Attractive and comforting as they are, backyard ponds in the desert Southwest can pose an environmental problem.Ponds use precious water - up to 5000 gallons per year. Just as importantly, backyard ponds often contribute to the growing problem of introducing non-native, invasive animals and plants to fragile, natural wetland ecosystems. Invasive American bullfrogs, plants such as hydrilla and fountain grass, and even exotic fish such as mosquitofish can be moved from ponds or be swept away during rainstorms and end up in our national parks, forests, and other wilderness preserves threatening endangered native species.
Creating a natural backyard pond, one that more closely resembles native habitat, is one potential solution…but can be challenging due to many biological and even regulatory constraints. The purpose of this booklet is to help backyard pond owners who are committed to “going native” by providing background, guidance, and a variety of alternatives.
By converting your pond to a native species friendly habitat you can help reduce the spread of invasive species and help protect rare native plants and animals. Going native isn’t easy - but in the long run backyard ponds containing native rather than non-native species of plants and animals have the potential for making a positive impact on native wildlife.
Closer inspection of this attractive pond reveals an all too common problem. This private water feature planted with nonnative plants is full of young bullfrogs. Invasive species like water lilies, mosquitofish and bullfrogs can easily escape and threaten the native wildlife of Sabino Canyon, a mere 600 feet away from this pond.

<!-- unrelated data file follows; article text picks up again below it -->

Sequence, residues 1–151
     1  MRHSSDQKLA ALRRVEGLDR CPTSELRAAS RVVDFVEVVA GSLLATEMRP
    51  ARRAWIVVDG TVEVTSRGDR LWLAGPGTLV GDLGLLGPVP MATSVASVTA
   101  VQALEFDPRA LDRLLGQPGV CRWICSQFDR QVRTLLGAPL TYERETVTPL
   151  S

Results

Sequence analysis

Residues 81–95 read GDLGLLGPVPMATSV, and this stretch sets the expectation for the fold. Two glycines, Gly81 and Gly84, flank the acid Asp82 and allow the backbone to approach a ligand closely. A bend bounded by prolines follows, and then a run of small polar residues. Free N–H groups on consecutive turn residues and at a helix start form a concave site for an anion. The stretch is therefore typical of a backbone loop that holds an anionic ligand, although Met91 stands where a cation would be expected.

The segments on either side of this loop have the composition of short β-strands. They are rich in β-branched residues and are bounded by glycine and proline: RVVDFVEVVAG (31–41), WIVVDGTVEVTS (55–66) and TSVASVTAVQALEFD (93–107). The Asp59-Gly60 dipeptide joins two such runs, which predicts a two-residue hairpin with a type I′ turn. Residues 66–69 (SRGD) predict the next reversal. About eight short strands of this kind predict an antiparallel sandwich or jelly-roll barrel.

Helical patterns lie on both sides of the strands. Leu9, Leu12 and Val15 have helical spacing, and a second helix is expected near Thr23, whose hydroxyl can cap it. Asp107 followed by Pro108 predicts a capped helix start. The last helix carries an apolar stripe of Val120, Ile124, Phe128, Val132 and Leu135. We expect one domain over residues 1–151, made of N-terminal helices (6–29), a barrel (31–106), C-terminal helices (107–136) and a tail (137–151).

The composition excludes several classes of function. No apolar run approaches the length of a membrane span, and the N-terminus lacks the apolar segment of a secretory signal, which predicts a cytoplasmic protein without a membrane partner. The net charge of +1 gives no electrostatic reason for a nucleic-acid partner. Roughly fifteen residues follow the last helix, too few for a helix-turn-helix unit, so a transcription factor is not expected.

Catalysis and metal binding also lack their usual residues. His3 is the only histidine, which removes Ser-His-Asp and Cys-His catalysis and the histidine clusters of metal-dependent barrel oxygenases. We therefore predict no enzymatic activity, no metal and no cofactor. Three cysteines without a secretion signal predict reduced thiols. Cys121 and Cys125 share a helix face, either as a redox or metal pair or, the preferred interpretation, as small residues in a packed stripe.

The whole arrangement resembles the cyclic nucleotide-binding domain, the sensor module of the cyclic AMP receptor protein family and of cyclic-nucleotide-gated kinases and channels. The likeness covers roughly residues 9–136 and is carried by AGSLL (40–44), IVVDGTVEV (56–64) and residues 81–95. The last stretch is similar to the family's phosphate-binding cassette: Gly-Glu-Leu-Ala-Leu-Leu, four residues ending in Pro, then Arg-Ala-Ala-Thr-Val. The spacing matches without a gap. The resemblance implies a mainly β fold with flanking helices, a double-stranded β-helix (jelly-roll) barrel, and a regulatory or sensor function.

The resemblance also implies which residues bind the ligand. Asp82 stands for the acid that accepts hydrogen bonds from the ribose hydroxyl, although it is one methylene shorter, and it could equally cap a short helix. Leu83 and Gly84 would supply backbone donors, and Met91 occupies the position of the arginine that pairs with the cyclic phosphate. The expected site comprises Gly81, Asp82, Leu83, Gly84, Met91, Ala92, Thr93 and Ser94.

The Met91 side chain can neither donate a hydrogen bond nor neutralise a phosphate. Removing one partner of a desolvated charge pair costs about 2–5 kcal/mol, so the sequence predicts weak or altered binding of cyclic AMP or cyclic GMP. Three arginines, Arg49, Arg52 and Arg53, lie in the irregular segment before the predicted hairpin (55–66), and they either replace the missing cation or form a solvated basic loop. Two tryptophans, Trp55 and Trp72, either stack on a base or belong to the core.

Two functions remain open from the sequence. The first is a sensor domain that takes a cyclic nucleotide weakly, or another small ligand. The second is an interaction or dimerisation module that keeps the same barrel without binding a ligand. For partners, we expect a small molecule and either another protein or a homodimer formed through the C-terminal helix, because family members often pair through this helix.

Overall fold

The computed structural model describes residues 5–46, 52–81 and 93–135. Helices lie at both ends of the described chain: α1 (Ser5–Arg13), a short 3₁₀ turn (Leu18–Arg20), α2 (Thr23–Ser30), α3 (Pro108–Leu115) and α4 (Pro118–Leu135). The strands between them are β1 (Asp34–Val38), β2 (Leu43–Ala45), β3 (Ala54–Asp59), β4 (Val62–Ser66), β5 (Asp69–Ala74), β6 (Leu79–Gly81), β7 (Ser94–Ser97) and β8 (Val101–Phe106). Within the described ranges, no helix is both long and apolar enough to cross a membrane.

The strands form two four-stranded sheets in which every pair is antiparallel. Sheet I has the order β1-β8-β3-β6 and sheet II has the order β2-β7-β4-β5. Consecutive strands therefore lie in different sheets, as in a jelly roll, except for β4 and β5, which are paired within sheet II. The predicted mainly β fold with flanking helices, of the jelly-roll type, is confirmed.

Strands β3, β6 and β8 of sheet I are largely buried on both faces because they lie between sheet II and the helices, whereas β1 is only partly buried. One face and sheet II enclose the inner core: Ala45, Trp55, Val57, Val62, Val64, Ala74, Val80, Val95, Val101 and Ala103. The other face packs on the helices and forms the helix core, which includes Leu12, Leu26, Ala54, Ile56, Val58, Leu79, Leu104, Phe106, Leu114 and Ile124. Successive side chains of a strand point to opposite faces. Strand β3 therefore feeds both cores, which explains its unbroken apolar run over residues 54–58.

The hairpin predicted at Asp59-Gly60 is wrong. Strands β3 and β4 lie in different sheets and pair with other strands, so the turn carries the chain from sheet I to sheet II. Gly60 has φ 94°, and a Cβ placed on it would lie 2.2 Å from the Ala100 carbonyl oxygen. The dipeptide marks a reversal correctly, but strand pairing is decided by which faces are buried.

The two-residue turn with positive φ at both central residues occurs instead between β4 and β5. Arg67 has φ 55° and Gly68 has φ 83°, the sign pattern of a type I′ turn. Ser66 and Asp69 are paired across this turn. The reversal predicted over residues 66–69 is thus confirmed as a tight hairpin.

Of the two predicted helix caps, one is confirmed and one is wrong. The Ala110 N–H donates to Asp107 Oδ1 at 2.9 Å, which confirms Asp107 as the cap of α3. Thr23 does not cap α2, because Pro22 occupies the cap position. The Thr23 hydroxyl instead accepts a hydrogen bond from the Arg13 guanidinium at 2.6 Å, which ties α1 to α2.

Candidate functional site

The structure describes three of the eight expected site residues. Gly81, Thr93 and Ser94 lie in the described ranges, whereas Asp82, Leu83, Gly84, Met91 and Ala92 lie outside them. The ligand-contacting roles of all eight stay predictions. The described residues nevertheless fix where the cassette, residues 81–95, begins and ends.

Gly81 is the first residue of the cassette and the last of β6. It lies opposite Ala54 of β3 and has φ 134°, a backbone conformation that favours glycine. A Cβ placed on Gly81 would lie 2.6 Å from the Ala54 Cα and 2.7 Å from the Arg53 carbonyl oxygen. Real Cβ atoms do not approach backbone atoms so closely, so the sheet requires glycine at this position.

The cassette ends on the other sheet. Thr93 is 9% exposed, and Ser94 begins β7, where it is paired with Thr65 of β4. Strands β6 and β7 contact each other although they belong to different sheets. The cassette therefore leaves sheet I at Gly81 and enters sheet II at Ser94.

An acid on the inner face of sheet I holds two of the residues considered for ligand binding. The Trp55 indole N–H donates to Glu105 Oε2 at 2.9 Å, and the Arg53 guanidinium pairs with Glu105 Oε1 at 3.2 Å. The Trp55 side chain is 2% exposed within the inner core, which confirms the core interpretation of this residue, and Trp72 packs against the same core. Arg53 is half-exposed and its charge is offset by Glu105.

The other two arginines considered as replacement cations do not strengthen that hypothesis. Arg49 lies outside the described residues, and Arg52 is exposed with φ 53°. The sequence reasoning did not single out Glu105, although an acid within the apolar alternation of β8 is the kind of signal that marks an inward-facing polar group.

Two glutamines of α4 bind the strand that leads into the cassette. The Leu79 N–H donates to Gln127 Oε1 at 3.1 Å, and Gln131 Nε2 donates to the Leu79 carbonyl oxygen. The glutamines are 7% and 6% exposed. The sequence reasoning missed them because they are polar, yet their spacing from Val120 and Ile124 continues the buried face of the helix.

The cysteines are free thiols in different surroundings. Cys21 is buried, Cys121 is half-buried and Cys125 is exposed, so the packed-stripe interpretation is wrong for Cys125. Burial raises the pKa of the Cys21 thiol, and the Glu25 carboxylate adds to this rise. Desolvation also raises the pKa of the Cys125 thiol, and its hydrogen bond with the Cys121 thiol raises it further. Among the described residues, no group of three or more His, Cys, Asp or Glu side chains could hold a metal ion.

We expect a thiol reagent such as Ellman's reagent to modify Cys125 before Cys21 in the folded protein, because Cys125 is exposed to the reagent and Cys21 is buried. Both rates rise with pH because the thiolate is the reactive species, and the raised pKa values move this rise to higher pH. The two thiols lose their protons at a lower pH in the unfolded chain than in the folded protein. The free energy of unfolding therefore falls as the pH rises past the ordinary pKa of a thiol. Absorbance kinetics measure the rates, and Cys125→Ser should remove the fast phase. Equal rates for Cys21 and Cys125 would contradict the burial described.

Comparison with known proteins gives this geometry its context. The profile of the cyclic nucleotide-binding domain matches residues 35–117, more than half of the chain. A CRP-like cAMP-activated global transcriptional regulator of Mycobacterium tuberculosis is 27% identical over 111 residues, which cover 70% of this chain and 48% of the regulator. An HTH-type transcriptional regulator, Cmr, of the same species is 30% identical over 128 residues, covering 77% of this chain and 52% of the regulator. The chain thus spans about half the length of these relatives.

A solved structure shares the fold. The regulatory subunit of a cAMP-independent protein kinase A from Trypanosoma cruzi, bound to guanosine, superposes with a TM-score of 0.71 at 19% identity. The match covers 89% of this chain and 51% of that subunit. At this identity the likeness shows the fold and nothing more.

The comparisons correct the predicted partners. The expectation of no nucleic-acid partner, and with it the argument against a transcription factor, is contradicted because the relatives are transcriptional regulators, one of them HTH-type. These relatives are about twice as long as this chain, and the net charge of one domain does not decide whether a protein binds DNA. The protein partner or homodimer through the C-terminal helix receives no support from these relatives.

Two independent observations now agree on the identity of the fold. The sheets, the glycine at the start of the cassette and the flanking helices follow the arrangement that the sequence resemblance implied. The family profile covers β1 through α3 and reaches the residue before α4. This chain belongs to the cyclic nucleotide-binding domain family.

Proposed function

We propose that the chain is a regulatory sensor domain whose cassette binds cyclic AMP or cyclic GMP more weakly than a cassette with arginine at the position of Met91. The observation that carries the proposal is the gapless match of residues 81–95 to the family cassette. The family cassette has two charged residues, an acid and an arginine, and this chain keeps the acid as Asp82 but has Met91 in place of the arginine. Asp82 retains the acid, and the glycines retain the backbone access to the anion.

Native desert ponds can be found along intermittent streams near Tucson surrounded by large rocks and gravel with dense clumps of deergrass growing along the banks. Moss-like algae grows from the bottom, with motionless leopard frog tadpoles silently munching on the nutrient rich mass. Gila topminnow gather around the warm shallows, the dark males tirelessly chasing the larger pregnant females. As you approach the pond, three leopard frogs magically shoot out from in front of your toes, plunging into the still water and disappearing deep in the green algae. The abundant tracks in the mud indicate that a great blue heron frequents the pond, as well as a group of javelina and a lone mountain lion. These habitats are becoming rare in Arizona.